Understanding Air Flow Through Ventilation
These illustrations are intended to indicate the wrong and the right way to ensure that air flows through the ventilated rooms to cause the desired effect — fresh clean dry air to every part of each room. In the illustrations — for simplicity we may have shown inlet and outlet penetrations through the roof of the home — this is not intended to be that way for every home — Supply and Exhaust air discharge and sources can be through the roof, through a gable end, or through the soffit, as is appropriate for your home.
Also, we have deliberately not shown air filters in these sketches — if you think you need an air filter see Air Filters Explained
Air supply and exhaust too close together.
Warm air is pushed down by the fresh supply air flow but then immediately convects upwards and is collected and exhausted to the outside up by the Exhaust Fan.
Fresh warmed air does not circulate throughout the room. Note the ((( “Stale Air” area.
Good air flow but wrong direction
Warm fresh air supply to the kitchen flows to the living area and carries kitchen odours into the living room.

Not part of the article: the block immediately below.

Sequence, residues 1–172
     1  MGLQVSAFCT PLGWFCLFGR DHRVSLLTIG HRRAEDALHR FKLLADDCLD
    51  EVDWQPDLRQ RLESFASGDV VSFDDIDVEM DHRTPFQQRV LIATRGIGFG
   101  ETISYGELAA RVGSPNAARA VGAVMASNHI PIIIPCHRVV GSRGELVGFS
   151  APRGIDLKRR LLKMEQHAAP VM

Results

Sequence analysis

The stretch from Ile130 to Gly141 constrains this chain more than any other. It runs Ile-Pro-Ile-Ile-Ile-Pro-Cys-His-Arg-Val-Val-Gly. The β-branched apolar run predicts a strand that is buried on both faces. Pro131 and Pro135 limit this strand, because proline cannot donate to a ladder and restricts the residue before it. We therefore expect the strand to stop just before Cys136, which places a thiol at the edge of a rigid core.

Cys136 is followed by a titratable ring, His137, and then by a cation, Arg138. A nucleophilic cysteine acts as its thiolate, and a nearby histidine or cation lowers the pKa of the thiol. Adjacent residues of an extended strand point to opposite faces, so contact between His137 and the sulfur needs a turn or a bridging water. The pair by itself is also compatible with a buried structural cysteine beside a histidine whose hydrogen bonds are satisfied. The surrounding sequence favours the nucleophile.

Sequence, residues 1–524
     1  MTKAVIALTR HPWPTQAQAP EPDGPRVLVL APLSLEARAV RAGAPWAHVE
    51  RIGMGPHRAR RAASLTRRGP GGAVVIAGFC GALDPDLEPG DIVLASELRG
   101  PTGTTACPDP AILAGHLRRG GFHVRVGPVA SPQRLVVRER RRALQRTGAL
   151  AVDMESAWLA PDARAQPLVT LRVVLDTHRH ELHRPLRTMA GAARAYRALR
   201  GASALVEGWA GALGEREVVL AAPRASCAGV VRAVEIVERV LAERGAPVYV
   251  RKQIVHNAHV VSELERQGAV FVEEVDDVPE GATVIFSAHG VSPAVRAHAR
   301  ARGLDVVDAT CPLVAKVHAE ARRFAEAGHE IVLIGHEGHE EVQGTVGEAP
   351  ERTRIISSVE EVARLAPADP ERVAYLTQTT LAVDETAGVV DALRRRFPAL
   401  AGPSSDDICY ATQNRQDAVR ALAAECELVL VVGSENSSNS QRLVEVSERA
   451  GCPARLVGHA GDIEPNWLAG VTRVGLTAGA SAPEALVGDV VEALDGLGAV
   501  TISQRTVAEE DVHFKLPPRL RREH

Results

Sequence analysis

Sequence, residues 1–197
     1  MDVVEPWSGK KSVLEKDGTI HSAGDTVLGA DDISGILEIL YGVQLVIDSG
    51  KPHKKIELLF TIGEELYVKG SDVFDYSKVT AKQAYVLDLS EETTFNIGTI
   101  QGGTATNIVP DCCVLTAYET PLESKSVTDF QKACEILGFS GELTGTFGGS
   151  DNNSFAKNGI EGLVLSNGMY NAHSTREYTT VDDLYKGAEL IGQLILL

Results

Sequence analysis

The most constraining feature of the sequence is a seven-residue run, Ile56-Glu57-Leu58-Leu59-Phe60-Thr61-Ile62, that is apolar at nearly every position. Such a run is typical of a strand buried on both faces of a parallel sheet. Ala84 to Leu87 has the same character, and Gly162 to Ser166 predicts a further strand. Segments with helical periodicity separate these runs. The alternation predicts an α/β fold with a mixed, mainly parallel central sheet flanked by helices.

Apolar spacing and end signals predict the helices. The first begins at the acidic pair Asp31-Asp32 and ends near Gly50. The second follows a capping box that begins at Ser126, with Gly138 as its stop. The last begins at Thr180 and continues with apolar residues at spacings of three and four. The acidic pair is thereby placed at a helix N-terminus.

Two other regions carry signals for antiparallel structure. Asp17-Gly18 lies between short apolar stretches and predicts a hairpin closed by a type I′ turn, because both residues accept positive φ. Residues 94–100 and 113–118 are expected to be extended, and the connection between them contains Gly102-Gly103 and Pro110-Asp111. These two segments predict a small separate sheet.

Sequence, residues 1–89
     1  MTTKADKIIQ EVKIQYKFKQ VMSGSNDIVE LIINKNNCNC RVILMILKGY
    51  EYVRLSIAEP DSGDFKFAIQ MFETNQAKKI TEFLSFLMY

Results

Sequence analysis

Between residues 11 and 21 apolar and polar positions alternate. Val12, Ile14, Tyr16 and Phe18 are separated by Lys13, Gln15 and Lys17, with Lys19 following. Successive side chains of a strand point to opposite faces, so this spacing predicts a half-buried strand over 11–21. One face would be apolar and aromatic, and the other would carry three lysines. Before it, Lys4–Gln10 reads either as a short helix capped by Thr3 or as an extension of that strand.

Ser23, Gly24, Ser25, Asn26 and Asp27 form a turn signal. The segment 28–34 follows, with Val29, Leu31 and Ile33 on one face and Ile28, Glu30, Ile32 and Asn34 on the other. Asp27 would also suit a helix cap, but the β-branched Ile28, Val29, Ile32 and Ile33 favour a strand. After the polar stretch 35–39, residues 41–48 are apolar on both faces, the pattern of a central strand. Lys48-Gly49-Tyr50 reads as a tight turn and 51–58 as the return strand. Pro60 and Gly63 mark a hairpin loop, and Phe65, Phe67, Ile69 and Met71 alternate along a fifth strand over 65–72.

The Exhaust vent in the living room “pulls” air from the kitchen, with kitchen odours and humidity, into other areas of the house.
Ideal Air Distribution
Fresh, warm, dry Outdoor Air is supplied to the living room, exhausted from the kitchen.
Air flows from Supply, in living room, to Exhaust, in the kitchen – kitchen odours and food smells from the dining room are all gently driven towards the kitchen Exhaust vent.
The rooms between literally become an “air duct” which is permanently ventilated with warmed, dried, fresh Outdoor Air.
An Ideal Alternative
Supplies to bedroom and living room on opposite sides of the house with Exhaust in the hallway between rooms.
Warmed, dried, fresh outside air is delivered to the perimeter of the living and bed rooms.
The rooms literally become a duct for this air, which flows from the outside walls (opposite the doors) to a single Exhaust grille located in the hallway.